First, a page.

Bush’s speech appears to be targeted to the military personnel on the carrier, and he often refers to “you”—his immediate audience. However, he also addresses the American public as well as the broader international community. Trying to speak to two or more audiences in the same speech can prove problematic for any speaker.

In addition, there is some potentially problematic content based on poor analysis. For example, the third paragraph of the speech implies that Operation Iraqi Freedom is done, yet there is never any mention of what exactly was accomplished, let alone whether and when troops would withdraw. The speech is titled “Mission Accomplished,” and if Bush’s desired response from the audience was to believe that “victory” had been accomplished, the content does not achieve that goal.

Later in the speech, Bush claims there is much more work to do. If the mission is truly accomplished, as the banner declares, the audience might ask why more work is needed.  Bush also stated, “Al Qaeda is wounded, not destroyed.” How can Bush stand under a banner declaring “Mission Accomplished” yet state that the enemy is not destroyed?

The uncertainty of what was accomplished would haunt Bush for several years. Immediately after delivering the speech, journalists questioned how the war could be over but military death tolls continued to rise. A year after giving the speech, Bush’s thesis statement was still questioned. Three years later, the Democrats used the speech as an example of Bush’s “dangerous incompetence” in Iraq. John Kerry took advantage of the alleged rhetorical blunder and used the speech and the alleged victory against Bush in the 2004 presidential campaign.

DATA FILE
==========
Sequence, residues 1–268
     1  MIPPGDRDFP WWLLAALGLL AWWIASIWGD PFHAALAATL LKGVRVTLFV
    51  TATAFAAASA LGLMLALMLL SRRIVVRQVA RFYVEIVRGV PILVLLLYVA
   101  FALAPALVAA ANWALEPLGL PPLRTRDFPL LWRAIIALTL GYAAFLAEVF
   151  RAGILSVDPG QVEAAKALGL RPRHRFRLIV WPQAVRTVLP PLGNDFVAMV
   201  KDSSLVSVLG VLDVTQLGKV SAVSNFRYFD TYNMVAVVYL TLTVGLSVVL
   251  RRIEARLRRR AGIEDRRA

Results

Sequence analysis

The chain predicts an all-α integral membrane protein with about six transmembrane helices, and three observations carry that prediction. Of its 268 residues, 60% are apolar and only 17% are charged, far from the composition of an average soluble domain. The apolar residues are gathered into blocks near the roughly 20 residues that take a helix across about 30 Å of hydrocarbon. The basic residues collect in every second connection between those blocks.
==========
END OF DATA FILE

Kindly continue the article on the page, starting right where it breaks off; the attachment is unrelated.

If Bush’s attempt with his “victory” speech was to connect better with the American public, then the audience analysis driving his thesis and speech content failed. Gallup polls noted on March 22, 2003, two days after the invasion of Iraq, that Bush maintained a 94 percent approval rating. However, by the time he delivered his May 1, 2003, speech, he had slipped to a 69 percent approval rating. His rating scores would continue to decline over the next several months, dropping to 62 percent in July, 60 percent in August, and 52 percent by September 2003.

Presidential speeches are quickly scrutinized and debated by many different groups. Knowing that his speech would be put under a microscope, Bush would have been better off not posting the “Mission Accomplished’ sign and instead offering words showing some success in Iraq. After statements such as “Al Qaeda is wounded, not destroyed,” Bush should have followed up with examples of how Al Qaeda had been wounded. This would have shown the forward progress and success of the conflict. Had Bush avoided the “victory” claim and focused more on small achievements, he could have avoided the scrutiny of the speech that followed him for years.

Quite often a speaker may have such a specific agenda that they write and deliver only the speech they want to give. Good audience analysis often requires the speaker to address what the audience wants or needs to hear. That does not mean the speaker cannot accomplish their agenda. It means that a good speaker strongly analyzes the audience demographics and psychological profile and delivers the speech the audience wants to hear.

About the author (s)

Kevin T. Jones

George Fox University

Associate Professor